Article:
Hochul amends rent bill, sparing landlords from “disaster”

Newly unveiled changes are reprieve for rent-stabilized owners

Changes to NY Rent Stabilization Bill Are Win for Landlords
Gov. Kathy Hochul (Illustration by Kevin Rebong for The Real Deal with Getty)

Landlords called it a disaster. Tenant advocates hailed it as a victory. But it turns out that a bill signed by the governor last month actually falls somewhere in between.

The bill that Gov. Kathy Hochul signed broadens the definition of fraud in rent overcharge cases, but chapter amendments released Friday show she insisted the legislature eliminate some of the provisions most feared by landlords.

The original bill approved by the legislature would have held landlords liable for fraud in cases where an apartment shouldn’t have been deregulated, even if the owner did not realize it was improper.

Heeding the governor’s demand, the state Assembly introduced chapter amendments for the bill that require a court to establish that an owner “knowingly” committed fraud. Real estate attorney Sherwin Belkin noted that the measure still expands the definition of fraud. He said the measure remains damaging to the real estate industry.

“I think it creates liabilities that were not there before,” he said. “Adding the word ‘knowingly’ helps, but it still changes the dynamic significantly.”

The amendments also remove a provision that Belkin said would have resulted in “chaos and endless litigation.” It required owners who deregulated their buildings decades ago through substantial rehabilitation to prove to the state’s housing regulator that it was done so legally.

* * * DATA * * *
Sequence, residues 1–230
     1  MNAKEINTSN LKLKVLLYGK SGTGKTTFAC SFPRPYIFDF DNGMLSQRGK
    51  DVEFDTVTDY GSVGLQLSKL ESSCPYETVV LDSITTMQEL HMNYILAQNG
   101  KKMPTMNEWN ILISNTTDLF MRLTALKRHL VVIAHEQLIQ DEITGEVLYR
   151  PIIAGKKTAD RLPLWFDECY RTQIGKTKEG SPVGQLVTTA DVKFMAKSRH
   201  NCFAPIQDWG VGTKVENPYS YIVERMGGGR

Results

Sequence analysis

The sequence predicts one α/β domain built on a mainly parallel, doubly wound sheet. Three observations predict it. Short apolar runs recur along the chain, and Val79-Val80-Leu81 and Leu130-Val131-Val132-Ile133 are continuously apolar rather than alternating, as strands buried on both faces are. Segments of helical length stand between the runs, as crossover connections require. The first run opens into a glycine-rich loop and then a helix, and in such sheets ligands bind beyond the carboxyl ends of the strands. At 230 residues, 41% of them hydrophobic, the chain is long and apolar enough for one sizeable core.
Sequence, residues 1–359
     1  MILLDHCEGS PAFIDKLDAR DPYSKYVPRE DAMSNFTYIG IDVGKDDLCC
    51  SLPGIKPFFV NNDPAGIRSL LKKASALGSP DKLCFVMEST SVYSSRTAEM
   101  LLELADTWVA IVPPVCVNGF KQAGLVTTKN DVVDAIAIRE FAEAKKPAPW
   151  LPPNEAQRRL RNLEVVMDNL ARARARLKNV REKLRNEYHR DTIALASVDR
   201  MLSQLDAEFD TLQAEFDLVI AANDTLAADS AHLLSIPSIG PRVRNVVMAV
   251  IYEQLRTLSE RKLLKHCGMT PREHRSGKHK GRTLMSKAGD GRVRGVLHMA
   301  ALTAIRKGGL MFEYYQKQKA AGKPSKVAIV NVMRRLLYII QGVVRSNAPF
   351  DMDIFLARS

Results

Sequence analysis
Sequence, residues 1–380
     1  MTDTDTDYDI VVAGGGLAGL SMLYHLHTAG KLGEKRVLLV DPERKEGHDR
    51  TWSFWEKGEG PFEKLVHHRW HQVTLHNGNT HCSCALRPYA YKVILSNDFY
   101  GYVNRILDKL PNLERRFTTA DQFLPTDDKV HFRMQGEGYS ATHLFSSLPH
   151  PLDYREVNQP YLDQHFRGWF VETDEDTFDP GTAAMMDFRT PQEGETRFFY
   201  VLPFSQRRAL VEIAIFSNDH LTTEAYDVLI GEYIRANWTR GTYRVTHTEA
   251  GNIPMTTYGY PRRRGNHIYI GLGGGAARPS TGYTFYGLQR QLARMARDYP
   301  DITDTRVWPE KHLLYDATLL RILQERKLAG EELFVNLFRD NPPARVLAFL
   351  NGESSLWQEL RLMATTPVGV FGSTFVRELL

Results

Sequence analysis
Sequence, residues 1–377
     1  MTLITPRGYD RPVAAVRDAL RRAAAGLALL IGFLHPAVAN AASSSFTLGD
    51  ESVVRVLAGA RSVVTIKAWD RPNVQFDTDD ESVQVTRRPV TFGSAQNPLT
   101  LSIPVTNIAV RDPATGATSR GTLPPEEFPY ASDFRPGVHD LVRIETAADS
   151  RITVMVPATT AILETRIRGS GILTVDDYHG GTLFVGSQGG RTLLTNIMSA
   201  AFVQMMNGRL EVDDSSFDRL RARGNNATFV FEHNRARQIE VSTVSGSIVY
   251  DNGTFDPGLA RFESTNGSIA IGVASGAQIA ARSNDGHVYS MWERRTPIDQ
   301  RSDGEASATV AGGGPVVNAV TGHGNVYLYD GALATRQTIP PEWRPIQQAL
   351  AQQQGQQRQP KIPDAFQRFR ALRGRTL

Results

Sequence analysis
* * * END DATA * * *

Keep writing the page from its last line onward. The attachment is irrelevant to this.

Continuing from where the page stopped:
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With the amendments, the law will require property owners who start substantial rehab work on or after Jan. 1, 2024, to apply for approval with the Department of Homes and Community Renewal. The measure no longer applies retroactively, meaning long-ago removals of buildings from rent stabilization can no longer be undone because the current owner can’t find the paperwork.

The Senate still needs to introduce its chapter amendments. The legislature must pass these measures, which will then be signed by the governor.

The changes were a win for landlords, as was the governor’s veto last month of a bill that would have allowed tenants to consult rent histories beyond the usual four-year lookback when seeking to calculate their legal rent after June 14, 2019.

Ellen Davidson, a staff attorney with the Legal Aid Society, said she always understood the fraud standard to be that landlords committed such acts knowingly. Thus, she found “landlords’ concerns about innocent landlords being caught up in some fraud trap to be overblown.”

She said the measure returns the definition of fraud to standards held before a state appeals court decision that made it more difficult for tenants to bring fraud cases.  

Davidson said the law still adds transparency to the substantial rehabilitation process.

“At least, going forward, landlords who do substantial rehab will have to apply for deregulation so that everyone is analyzing these applications based on actual knowledge of what happened,” she said by email.

The new law also creates rules for setting new rents for vacant, rent-stabilized units that are combined with another unit. HCR approved similar rules in October, but codifying these regulations could deter legal challenges from landlords. The law clarifies that the new rent cannot be higher than the combined rents of the individual units that were merged.

Combining units to make so-called “Frankenstein” apartments had been one of the few ways to substantially raise stabilized rents after the 2019 rent reform. Landlords had kept some units off the market in the hopes that an adjacent one would also become vacant, allowing them to be combined and a new base rent established.

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